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    Gulfview won't close for beach resorts

    By CHRISTINA HEADRICK

    © St. Petersburg Times, published May 18, 2001


    CLEARWATER -- Gulfview Boulevard, the road that provides motorists a glimpse of south Clearwater Beach, will not be closed to allow two large resorts to be built next to the sand, the City Commission decided Thursday.

    Commissioners voiced strong support for preserving the roadway and the public atmosphere of the city's beach after an outpouring of complaints from residents about the road closure.

    "Stick a fork in it," Mayor Brian Aungst said. "It ain't going to happen. It's done."

    The road closure had been proposed as a way to settle a tangle of four lawsuits filed by beach hotel owner Tony Markopoulos against the city and a local development company to halt the creation of a 250-room Marriott resort next door to Markopoulos' properties, which include the Days Inn.

    Markopoulos has proposed a much larger resort, but he has never submitted detailed plans to the city. He filed the lawsuits after city officials told him they did not think there would be support for Gulfview to be closed for his project.

    Markopoulos then teamed up with the Marriott's developers to propose that Gulfview be closed and both projects be built next to the beach. But any questions about the public's support for a road closure were answered in the past two weeks.

    "They weren't shy," said Clearwater attorney Bill Kimpton, who has been trying to develop the Marriott.

    Gordon Schiff, a Tampa attorney for Markopoulos, told commissioners that his client respected the public's opinions.

    Schiff said he would work to bring back an alternative proposal to settle Markopoulos' litigation against the Marriott developers and the city. But Markopoulos' camp would not comment on what a settlement might include.

    Markopoulos denies that he is considering selling his land to another developer, although city administrators say they have fielded inquiries from other development groups wanting to buy the property.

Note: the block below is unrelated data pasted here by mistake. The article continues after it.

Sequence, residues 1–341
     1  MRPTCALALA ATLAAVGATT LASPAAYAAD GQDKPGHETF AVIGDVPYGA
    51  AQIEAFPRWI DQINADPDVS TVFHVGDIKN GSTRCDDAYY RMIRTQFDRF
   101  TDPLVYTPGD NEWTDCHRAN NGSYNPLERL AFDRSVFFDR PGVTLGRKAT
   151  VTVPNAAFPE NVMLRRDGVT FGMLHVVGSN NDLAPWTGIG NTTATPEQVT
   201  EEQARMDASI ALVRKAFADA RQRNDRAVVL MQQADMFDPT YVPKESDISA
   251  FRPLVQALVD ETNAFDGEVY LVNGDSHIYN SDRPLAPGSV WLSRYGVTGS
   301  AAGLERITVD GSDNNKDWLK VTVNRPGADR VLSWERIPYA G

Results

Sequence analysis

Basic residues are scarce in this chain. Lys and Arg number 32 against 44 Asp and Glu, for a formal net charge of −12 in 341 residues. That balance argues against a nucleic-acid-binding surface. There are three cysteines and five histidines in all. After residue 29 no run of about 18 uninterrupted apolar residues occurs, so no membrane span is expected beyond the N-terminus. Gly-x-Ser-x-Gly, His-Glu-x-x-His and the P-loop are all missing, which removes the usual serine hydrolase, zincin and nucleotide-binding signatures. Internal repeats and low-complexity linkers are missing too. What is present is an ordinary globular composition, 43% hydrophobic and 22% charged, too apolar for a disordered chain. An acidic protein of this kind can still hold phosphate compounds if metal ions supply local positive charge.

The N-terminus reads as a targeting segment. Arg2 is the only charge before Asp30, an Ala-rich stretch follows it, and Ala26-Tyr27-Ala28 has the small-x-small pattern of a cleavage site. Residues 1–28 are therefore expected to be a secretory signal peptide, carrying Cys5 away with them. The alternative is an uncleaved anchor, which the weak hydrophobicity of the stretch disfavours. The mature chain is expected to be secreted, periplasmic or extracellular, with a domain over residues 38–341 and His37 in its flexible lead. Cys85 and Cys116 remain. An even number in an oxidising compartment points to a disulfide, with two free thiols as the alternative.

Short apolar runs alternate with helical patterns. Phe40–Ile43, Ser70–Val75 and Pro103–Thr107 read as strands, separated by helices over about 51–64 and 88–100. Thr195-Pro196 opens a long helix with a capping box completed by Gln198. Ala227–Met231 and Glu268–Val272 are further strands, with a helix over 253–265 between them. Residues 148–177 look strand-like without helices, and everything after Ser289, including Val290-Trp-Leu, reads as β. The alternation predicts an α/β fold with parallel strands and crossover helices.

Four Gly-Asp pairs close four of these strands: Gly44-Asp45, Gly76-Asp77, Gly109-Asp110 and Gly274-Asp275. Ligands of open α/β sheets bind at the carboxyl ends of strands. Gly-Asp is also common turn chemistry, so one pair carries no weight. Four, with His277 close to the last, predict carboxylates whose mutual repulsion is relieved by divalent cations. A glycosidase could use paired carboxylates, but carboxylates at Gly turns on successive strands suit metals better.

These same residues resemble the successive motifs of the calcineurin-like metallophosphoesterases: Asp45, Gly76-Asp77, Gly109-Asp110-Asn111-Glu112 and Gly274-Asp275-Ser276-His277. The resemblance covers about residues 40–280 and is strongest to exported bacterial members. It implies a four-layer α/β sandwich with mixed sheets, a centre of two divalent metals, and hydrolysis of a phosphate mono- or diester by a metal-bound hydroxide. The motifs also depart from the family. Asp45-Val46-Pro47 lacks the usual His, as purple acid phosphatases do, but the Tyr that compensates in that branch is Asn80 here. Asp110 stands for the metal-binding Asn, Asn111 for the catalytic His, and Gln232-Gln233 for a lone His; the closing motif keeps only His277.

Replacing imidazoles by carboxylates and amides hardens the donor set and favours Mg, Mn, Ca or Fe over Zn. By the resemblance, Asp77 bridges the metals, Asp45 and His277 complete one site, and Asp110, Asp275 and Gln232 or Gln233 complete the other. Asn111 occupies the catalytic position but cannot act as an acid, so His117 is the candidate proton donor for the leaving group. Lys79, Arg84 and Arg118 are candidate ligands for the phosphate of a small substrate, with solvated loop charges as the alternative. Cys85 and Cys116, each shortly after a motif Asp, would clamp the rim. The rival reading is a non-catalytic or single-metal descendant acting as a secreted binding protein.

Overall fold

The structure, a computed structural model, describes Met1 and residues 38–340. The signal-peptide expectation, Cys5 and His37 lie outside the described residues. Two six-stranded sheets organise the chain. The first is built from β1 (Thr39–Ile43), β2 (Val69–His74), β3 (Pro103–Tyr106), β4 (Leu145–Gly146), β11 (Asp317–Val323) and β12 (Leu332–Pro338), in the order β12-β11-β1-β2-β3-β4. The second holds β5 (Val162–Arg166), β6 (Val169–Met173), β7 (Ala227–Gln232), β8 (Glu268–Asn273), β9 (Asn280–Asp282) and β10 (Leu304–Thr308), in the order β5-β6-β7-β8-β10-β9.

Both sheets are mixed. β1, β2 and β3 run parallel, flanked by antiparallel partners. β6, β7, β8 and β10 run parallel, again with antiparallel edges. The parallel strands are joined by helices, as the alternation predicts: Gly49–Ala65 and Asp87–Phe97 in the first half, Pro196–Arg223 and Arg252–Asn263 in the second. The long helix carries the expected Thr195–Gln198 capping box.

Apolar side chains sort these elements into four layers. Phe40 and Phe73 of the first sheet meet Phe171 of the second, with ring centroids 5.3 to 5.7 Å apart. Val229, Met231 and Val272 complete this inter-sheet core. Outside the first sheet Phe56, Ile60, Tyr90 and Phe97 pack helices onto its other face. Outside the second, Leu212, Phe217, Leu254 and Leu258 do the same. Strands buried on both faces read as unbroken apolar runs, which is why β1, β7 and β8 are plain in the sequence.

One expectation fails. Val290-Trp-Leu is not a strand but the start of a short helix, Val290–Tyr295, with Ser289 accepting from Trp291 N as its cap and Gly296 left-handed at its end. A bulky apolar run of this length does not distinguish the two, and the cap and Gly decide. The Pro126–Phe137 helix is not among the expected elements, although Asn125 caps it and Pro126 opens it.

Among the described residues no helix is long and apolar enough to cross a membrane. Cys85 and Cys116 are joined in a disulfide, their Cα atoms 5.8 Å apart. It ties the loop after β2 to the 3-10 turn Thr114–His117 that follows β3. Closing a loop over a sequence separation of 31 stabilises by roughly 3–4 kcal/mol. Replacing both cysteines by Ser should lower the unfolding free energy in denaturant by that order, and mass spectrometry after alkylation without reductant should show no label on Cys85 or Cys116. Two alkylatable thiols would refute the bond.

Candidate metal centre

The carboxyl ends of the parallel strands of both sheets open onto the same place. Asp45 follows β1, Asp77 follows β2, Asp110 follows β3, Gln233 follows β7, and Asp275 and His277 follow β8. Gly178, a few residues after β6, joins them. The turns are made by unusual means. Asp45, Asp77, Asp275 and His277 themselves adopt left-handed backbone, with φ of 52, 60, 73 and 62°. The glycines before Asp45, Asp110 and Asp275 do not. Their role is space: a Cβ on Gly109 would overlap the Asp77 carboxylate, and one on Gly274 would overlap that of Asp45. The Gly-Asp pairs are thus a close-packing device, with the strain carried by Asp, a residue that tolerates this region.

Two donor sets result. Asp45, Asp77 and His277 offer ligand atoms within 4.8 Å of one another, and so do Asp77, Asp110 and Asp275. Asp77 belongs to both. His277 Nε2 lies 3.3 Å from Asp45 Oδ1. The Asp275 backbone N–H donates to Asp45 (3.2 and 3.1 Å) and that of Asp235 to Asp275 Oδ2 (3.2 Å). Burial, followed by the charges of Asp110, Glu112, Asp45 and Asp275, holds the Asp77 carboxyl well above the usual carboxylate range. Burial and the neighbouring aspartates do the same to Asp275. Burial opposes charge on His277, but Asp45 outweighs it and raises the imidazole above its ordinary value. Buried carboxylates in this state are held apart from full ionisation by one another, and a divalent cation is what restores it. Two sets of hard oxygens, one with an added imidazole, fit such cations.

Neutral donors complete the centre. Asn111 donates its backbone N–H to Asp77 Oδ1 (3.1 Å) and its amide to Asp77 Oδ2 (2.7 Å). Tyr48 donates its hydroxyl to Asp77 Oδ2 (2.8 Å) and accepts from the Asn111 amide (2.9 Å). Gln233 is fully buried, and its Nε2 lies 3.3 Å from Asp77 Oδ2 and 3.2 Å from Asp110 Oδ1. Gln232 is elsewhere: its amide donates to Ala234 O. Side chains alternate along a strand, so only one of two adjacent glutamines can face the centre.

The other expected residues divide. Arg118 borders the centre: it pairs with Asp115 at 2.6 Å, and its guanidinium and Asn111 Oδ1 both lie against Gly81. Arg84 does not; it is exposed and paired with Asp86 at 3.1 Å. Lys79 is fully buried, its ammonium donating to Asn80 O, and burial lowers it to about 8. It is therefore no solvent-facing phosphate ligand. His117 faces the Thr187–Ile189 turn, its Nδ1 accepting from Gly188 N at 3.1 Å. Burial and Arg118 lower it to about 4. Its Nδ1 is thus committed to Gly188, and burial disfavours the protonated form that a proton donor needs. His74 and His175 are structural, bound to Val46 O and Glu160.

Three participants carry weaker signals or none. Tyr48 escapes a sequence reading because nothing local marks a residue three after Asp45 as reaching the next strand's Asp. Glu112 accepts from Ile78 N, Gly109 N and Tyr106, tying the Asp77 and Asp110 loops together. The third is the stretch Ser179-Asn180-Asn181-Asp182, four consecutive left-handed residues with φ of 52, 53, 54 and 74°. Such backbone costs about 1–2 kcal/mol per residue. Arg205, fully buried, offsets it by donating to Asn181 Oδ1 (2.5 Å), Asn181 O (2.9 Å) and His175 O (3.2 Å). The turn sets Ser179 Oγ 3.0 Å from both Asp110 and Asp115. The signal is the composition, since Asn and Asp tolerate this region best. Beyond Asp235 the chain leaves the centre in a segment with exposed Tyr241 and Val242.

Markopoulos also said he doesn't know if the development of his land would be feasible without some closure of Gulfview.

    Commissioner Ed Hart suggested that the city could work on improving law enforcement on Gulfview to curb noisy, rowdy cruising on the street, which Markopoulos has complained disturbs hotel patrons.

    Both commissioners and residents who spoke at Thursday's commission meeting expressed hope that Markopoulos would find a way to foster beach redevelopment, rather than hindering it with litigation.

    "I thought that maybe now he would rather not be the Grinch that stole Clearwater Beach, that maybe he would rather be the Santa Claus that comes along and saves it," said Clare Dyer, who lives on the beach.

    The road closure wasn't the only issue that drew public debate.

    The commission voted 3-2 to execute a deal with Florida Coca-Cola Enterprises Inc. and Tarpon Springs Coca-Cola Bottling Co. to give exclusive access to the soft-drink maker to vend its products in all city facilities, from parks to libraries.

    The deal is projected to generate up to $2.5-million in revenues and other perks for the city over 10 years, mainly from sales commissions generated each time a soft drink is sold.

    Commissioners Hart and Bill Jonson voted against the deal. Jonson complained that he had received complaints from the public, including criticism that the arrangement would further commercialize the city and add sign clutter. Hart said he voted against it because he had not had ample time to review the proposal.

    The commission also voted to allow the Island Estates neighborhood to proceed with a study to draft special city rules that would apply only to development in the neighborhood. The major goal would be to create regulations to keep homes in the area looking uniform over time as deed restrictions lapse.

    * * *

    WHAT HAPPENED THURSDAY: The City Commission said it would not approve closing part of S Gulfview Boulevard so two resorts could be built next to the beach.

    WHAT HAPPENS NEXT: The city seeks the Pinellas County Commission's approval for an overall redevelopment plan for the beach, which includes ideas to beautify Gulfview and allow extra hotel rooms to be built in the area.

    WHAT ELSE: Talks continue to see if the developers of the two proposed resorts on Gulfview can settle lawsuits that threaten to stall redevelopment plans.

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